Hawker Beechcraft Premier IA
Thirty years ago, in what turned out to be a career mistake, I abandoned objective journalism and essentially sold out (for a pile of money, a big expense account and a twin-engine company airplane) to edit a group of corporate magazines for a major aircraft manufacturer. Nothing wrong with its products; nothing wrong with corporate magazines—just not the right decision for me.
Two years later, I corrected my mistake by forsaking caviar and filet in favor of hot dogs and beans. In other words, I returned to freelancing. I was once again free to do what I wanted: fly and write about it for this and other magazines.
One positive aspect of my brief investigation of subjective journalism was that I interviewed a number of very affluent owners of turbine aircraft. Almost without exception, they were all brilliant, driven individuals who had worked hard to achieve their financial station, were proud of their accomplishments and could make convincing arguments that a corporate aircraft was the only way to get the job done.
The Premier was introduced in 2001 as a competitor for Cessna’s very successful Citation CJ series (at the time, the CJ1 and CJ2 models; since then, joined by the CJ3). From the beginning, Beech’s concept was to create the most comfortable single-pilot-certified airplane in its class.
In this respect, Beech relied in part on research from the Starship project of the 1980s. Though the Starship wasn’t successful, it did allow Beech to explore new avenues of composite construction and to certify an airplane unlike anything built before. Composite technology has been used extensively in military and commercial airline aircraft for the last two decades. The Hawker Beechcraft Premier 1A incorporates many of the technologies from that project.
Beech elected to construct the fuselage out of carbon-fiber/epoxy honeycomb composites (again, direct fallout of technology gleaned from the Starship). That’s at least partially because composites are 20% lighter and three times stronger than aluminum. Because of their light weight and economical construction, the fuselage structure benefits from 13% more volume. Though the wing itself is conventional aluminum, the ailerons, flaps and horizontal stabilizer also are composite (also for additional strength).
Designing the Premier with a composite fuselage freed up space for a spacious, quiet and comfortable cabin that’s by far the largest in its class.
In fact, if you hadn’t guessed from the airplane’s generous cross section, the Premier’s cabin is by far the largest in its class, essentially a tube measuring 5.5 feet in diameter. That’s nearly stand-up headroom for some folks and eight to nine inches larger than the fuselage of the Cessna CJ series or Lear 31A, the Premier’s closest competitors back in 2001. The first four seats are fully articulating, and the Premier’s interior redefines first-class. Pressurization is 8.4 psi, allowing an 8,000-foot cabin at the airplane’s certified maximum altitude of 41,000 feet.
Up front in the office, the Rockwell Collins Pro Line 21 digital integrated avionics suite incorporates every input and readout with maximum logic and minimum effort. All inputs are through a keyboard rather than twisting knobs. The Rockwell Collins Integrated Flight Information System is standard with electronic charts, airport displays, XM satellite graphical weather and map-overlay capabilities.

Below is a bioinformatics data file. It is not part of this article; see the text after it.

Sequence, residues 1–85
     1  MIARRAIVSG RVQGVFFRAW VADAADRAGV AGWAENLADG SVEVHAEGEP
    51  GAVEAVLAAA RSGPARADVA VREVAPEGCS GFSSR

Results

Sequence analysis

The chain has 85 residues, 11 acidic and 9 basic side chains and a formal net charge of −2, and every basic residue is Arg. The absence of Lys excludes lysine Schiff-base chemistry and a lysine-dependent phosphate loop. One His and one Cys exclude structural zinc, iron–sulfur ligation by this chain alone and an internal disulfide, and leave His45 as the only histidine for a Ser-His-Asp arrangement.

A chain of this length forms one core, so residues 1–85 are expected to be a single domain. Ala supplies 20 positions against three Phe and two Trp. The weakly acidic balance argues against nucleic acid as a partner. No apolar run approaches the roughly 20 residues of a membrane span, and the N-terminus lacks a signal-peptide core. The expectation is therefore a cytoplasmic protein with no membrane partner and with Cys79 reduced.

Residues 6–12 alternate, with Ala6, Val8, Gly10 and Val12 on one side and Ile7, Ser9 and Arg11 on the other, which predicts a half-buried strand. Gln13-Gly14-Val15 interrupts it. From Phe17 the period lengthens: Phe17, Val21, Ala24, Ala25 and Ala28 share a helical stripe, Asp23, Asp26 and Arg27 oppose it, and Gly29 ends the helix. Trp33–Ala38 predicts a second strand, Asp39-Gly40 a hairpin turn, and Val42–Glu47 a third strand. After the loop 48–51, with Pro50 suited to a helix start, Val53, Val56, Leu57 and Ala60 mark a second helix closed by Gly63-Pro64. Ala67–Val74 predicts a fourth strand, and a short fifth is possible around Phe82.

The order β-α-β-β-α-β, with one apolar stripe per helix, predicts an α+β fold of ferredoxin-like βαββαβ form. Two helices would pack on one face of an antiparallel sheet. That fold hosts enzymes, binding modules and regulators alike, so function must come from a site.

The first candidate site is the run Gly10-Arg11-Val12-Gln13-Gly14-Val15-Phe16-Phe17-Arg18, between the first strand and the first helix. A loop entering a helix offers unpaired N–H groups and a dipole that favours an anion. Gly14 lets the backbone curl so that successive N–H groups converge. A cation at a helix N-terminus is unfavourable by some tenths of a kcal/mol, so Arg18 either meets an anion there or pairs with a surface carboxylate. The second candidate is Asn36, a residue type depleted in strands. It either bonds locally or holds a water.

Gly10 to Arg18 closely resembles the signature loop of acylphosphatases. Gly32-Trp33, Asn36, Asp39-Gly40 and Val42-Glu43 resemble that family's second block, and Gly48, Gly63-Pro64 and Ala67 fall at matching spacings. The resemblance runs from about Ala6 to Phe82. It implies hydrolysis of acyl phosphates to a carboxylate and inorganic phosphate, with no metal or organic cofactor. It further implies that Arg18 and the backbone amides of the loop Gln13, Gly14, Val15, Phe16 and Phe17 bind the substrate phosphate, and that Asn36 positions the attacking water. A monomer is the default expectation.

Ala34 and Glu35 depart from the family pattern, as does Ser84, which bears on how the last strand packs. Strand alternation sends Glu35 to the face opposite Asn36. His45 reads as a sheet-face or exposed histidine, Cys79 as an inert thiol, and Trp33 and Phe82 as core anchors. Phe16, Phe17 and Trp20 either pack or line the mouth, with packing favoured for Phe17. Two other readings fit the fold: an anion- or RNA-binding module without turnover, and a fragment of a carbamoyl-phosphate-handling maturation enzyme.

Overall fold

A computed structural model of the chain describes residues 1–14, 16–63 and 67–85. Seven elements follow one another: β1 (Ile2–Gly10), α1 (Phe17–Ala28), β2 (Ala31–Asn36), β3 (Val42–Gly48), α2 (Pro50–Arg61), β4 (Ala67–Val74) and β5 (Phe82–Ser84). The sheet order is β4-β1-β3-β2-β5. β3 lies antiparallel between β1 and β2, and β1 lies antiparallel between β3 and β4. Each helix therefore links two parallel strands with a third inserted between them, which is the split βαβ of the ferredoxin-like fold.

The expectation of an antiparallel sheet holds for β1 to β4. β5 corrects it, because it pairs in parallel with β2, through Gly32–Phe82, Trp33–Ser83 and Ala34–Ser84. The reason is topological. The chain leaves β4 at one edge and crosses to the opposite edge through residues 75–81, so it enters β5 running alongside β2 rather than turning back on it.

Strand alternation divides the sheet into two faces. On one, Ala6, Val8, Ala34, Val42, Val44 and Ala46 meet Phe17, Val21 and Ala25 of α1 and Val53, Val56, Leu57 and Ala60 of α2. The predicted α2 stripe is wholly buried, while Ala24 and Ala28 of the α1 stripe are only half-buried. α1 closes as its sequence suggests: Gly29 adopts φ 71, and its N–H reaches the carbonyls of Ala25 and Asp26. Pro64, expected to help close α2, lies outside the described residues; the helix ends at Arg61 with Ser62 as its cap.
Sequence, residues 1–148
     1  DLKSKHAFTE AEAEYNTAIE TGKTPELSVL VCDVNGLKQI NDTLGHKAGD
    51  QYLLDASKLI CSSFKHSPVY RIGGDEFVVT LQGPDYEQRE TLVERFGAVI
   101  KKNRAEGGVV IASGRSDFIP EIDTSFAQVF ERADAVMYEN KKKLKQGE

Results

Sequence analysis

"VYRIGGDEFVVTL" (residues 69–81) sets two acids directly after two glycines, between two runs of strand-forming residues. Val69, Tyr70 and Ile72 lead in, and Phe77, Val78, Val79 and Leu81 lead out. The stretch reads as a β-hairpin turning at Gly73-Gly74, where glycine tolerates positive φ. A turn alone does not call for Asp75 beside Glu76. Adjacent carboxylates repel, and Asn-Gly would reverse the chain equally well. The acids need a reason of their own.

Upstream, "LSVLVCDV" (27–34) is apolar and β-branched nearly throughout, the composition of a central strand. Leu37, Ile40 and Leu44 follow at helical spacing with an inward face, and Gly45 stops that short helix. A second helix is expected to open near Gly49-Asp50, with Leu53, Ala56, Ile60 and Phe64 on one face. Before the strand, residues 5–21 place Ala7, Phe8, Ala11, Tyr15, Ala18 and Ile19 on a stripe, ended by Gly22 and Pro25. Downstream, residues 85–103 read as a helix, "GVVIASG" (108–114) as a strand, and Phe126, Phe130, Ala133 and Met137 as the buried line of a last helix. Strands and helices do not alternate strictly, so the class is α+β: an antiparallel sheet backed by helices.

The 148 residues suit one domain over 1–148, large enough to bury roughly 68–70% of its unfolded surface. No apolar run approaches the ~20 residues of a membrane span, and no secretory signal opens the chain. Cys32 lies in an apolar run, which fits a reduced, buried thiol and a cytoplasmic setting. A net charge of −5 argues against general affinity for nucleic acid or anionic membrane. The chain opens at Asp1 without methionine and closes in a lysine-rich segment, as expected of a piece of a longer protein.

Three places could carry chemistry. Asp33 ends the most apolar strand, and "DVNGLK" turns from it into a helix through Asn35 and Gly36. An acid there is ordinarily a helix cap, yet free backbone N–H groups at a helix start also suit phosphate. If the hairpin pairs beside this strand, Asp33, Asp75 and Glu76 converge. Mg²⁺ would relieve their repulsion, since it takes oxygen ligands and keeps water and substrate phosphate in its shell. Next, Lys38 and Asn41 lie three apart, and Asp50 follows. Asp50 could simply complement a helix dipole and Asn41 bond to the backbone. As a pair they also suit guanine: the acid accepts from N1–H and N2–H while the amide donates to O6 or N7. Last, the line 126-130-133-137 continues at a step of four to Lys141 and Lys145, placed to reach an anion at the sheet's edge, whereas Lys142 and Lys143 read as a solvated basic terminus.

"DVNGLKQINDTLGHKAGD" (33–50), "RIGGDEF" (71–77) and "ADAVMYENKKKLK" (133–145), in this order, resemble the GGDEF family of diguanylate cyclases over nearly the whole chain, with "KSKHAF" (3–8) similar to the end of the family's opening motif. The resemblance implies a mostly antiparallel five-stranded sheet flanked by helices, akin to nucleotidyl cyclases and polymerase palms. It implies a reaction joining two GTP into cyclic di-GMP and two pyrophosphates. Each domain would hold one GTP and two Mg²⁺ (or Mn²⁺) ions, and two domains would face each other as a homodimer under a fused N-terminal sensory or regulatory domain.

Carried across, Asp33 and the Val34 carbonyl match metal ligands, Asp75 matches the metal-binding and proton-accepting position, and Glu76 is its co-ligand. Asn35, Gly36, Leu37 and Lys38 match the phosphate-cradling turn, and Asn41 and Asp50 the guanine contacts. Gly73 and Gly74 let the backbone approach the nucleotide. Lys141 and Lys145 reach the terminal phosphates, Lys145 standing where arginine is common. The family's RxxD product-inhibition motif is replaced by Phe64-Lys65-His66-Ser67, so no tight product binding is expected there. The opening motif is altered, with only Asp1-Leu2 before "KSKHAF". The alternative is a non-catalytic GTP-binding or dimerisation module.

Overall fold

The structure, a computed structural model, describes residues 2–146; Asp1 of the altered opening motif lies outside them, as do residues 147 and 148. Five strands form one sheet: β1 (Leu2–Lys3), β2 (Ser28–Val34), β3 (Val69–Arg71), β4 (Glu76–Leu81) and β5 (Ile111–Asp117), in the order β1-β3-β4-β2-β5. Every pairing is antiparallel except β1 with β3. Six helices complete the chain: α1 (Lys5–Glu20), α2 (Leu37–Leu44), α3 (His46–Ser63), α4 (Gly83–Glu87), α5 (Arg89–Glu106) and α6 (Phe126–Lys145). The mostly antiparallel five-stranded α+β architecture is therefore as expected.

The Premier is blessed with a pair of Williams FJ44-2A turbofans, rated for 2,300 pounds of thrust per side, and that makes it an instant winner in all the performance parameters that count. It leaps off the ground in less than 3,800 horizontal feet at sea level, climbs at an initial 4,000 fpm and can level at FL410 in less than 23 minutes.
Retired astronaut Hoot Gibson (left) has flown three world records in the Premier IA. He and Product Manager Joe Grubiak (right) are an integral part of the Hawker Beechcraft team.
I talked to a half-dozen Premier owners, and all suggested that they enjoy the airplane’s remarkable ability to leap tall heights in a single bound. One said, “I typically climb out at 250 knots below 10,000 feet, then transition to about Mach 0.65 for the remainder of the climb. I’ve had several instances when ATC needed me to slow down during climb, as I was climbing faster than some other jets were cruising.”
Owners also suggested it didn’t make much sense to fly a fast jet slowly unless there was a range issue, and most said once they reached cruise altitude, they operated at max Mach virtually all the time, typically flying as high as ATC would allow. Max cruise is about Mach 0.80, which equates to about 450 knots at optimum altitude. Perhaps more than coincidentally, this is exactly the typical cruise speed of most airliners. (Perversely, the fastest airliner is also the largest: the Boeing 747, which reaches Mach 0.85. Unlike the big Boeing, however, the Premier doesn’t burn one gallon per second.)
Editor Jessica Ambats and I flew the Premier 1A demonstrator with a team of sales and demo pilots from Hawker Beechcraft: Product Manager Joe Grubiak, Chief Demo Pilot Peter Kennedy and consultant Robert “Hoot” Gibson, a former Navy F-14 pilot who saw combat in Southeast Asia during the closing years of the Vietnam War. After his Navy experience, Gibson was selected as an astronaut and logged some 36 days in space, flying five missions on the shuttle in the ’80s and ’90s. He served as Chief of the Astronaut Office in the early ’90s. Gibson is also a world-record holder in the Premier 1A, with three city-to-city records: Seattle to Las Vegas at 426 knots (490 mph), Las Vegas to Wichita at 470 knots (540 mph) and Chester, England, to Geneva, Switzerland, at 445 knots (512 mph).
|Rockwell Collins’ Pro Line 21 integrated avionics suite consists of three 8x10-inch LCDs that present critical information while reducing pilot workload. All inputs are through a keyboard, and the setup includes Collins’ Integrated Flight Information System, which offers XM satellite graphical weather, map overlay and more.|